New Data Center from Microsoft in Washington

Very soon, Microsoft will be unleashing a state-of-the-art data center in Washington after receiving a tax cut from local politicos. Microsoft has promised to open up what it is calling "one of the most innovative new data centers" in Quincy, Washington in the early part of this year. There aren't a whole lot of details, but it is said that the center is expected to host services like Microsoft's Azure cloud.

This new data center is based almost entirely on pre-assembled computing models that are designed to give you a greater scale as well as greater flexibility. The center also uses server cooling techniques that were developed at the Dublin and Chicago data centers of Microsoft in order to help cut running costs. The data center will open up next to Microsoft's existing 500,000-square-foot data center facility in Quincy, which was opened back in 2007.

General Manager of Microsoft's Data Center Services Kevin Timmons wrote in a blog post that the expansion takes new ideas that were forged in Dublin and Chicago one step further, using modular building blocks for electrical, mechanical, server and security subsystems. At Microsoft's other data centers the modules were capable of scaling from 400 to 2,000 servers.

According to Timmons, "Our modular design enables us to build a facility in significantly less time while reducing capital costs by an average of 50% to 60% over the lifetime of the project."

This new design means that the Quincy extension will be housed in a steel and aluminum structure instead of the concrete building that is the existing Quincy center. A report from Data Center Knowledge back in May said that the building will completely lack side walls. This news comes following an eight month experiment where Microsoft ran five HP servers in an outside tent with absolutely no failures.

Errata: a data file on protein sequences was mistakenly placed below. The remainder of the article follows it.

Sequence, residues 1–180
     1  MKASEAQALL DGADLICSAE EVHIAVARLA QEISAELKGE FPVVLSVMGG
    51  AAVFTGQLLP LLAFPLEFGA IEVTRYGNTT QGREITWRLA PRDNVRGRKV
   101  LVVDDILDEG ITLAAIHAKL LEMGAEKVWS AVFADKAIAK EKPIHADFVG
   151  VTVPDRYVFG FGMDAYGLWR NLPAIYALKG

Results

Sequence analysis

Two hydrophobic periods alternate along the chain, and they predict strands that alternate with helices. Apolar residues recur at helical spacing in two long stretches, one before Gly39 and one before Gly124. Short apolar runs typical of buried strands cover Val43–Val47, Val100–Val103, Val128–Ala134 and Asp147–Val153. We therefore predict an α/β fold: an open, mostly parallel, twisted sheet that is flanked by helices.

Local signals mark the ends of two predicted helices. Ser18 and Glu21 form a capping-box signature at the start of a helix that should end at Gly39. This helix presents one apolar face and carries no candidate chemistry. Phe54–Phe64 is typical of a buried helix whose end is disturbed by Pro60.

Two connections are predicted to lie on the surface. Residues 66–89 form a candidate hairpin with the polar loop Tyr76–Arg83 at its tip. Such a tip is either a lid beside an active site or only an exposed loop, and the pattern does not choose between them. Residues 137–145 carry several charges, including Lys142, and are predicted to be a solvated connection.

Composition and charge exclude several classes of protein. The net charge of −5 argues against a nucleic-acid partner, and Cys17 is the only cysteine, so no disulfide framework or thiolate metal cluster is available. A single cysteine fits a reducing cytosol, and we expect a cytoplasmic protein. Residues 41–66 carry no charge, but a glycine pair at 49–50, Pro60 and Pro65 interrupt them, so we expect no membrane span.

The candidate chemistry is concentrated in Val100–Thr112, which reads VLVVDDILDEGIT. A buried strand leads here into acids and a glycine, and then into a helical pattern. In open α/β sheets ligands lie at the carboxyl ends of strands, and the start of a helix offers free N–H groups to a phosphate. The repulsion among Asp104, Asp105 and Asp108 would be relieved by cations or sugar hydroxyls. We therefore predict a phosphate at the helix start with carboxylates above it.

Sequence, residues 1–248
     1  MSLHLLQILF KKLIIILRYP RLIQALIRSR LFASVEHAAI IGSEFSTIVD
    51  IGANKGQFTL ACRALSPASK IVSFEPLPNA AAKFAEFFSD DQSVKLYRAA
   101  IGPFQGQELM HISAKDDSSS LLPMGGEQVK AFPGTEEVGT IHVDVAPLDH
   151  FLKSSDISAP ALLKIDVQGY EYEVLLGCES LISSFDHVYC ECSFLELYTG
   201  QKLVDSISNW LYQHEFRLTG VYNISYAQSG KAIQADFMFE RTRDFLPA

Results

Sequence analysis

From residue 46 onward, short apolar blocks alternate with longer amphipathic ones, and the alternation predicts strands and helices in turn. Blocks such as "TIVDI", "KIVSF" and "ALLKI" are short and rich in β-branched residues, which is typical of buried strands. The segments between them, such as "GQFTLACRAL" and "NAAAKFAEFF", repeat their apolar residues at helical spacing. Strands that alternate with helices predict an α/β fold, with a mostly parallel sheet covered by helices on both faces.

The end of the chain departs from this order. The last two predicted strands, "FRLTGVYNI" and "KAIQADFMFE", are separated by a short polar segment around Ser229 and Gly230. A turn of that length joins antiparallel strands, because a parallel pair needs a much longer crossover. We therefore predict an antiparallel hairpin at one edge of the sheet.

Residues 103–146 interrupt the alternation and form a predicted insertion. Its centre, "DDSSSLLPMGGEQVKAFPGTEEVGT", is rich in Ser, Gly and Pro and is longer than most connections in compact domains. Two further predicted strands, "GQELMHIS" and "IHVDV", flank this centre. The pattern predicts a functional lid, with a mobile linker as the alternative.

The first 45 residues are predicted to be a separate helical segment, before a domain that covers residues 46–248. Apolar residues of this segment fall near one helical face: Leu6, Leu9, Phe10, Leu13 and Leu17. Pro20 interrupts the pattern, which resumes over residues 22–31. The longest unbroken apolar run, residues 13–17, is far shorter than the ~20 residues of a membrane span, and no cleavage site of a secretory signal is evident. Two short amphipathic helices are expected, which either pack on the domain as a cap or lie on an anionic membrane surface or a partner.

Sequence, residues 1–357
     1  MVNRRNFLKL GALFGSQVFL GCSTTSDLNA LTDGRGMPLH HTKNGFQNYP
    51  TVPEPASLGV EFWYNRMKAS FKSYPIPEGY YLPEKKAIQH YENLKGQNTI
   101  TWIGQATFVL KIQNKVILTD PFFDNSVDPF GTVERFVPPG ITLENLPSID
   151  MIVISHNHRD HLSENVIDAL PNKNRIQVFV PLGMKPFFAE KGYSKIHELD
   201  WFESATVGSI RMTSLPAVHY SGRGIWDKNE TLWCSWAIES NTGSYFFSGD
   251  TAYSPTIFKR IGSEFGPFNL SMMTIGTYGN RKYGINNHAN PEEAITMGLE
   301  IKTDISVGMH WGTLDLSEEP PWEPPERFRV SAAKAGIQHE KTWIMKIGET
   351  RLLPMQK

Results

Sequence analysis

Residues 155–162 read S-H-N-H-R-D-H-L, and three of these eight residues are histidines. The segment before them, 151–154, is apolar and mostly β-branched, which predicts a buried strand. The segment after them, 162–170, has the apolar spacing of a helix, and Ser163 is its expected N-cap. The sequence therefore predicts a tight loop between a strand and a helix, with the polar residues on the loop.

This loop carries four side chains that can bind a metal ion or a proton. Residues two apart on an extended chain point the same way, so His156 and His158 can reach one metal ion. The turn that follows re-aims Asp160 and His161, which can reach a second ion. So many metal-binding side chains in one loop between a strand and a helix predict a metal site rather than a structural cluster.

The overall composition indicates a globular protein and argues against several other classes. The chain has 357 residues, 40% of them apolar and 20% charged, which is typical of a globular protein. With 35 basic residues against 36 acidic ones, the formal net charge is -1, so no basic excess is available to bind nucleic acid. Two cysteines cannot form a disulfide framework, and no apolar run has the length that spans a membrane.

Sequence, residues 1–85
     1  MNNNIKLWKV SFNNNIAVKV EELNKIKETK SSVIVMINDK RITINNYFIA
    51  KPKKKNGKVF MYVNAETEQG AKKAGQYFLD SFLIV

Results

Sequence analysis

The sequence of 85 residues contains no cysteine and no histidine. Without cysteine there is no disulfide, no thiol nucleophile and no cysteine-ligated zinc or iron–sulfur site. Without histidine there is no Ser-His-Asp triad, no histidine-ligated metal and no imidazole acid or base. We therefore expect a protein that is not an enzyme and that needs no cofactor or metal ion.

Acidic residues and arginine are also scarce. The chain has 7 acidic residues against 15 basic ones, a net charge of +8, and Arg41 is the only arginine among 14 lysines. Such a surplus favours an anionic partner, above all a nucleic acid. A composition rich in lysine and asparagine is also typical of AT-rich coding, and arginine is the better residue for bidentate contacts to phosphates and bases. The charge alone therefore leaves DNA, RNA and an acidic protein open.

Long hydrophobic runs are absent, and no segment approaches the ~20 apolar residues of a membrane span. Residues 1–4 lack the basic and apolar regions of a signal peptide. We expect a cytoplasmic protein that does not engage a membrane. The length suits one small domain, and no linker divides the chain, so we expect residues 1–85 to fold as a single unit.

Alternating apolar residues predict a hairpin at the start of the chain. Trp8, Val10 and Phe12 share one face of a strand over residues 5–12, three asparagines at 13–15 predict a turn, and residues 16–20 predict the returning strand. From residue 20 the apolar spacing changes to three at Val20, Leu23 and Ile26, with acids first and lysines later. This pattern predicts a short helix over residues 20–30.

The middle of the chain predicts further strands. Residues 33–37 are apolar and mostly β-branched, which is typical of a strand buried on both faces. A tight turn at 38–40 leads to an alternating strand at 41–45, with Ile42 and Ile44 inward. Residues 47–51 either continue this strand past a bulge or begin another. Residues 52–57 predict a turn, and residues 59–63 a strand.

"The Structure," according to Timmons, "is virtually transparent to ambient outdoor conditions, allowing us to essentially place our servers and storage outside in the cool air while still protecting it from the elements. The interior layout is specifically designed to allow us to further innovate in the ways that we deploy equipment in future phases of the project."

This is all very exciting stuff, but it almost didn't happen. Back in 2009, Microsoft released news that they were closing the existing Quincy data center and moving operations to San Antonio, Texas. This news came as a Washington tax exemption that favored data center providers was set to expire. However, local politicians responded with a 15-month sales tax exemption on the purchase and installation of computers and energy for new data centers in 32 rural counties in the state of Washington, the place where Microsoft has called home for 32 years.

This tax break was backed by the political pressure group Washington Needs Jobs who has members including Microsoft, Yahoo and VMware as well as the Washington Technology Industry Association and the town of Quincy. It was also said that, along with Microsoft, Yahoo and VMware are also planning on producing data centers in Washington.

Source: The Register

Computers, Desktops, Laptops, Servers and the latest in Portable Tablet PCs are available from your computer rental company,

Talk to a Tech Travel Agent Today!
Call Toll free 800-736-8772.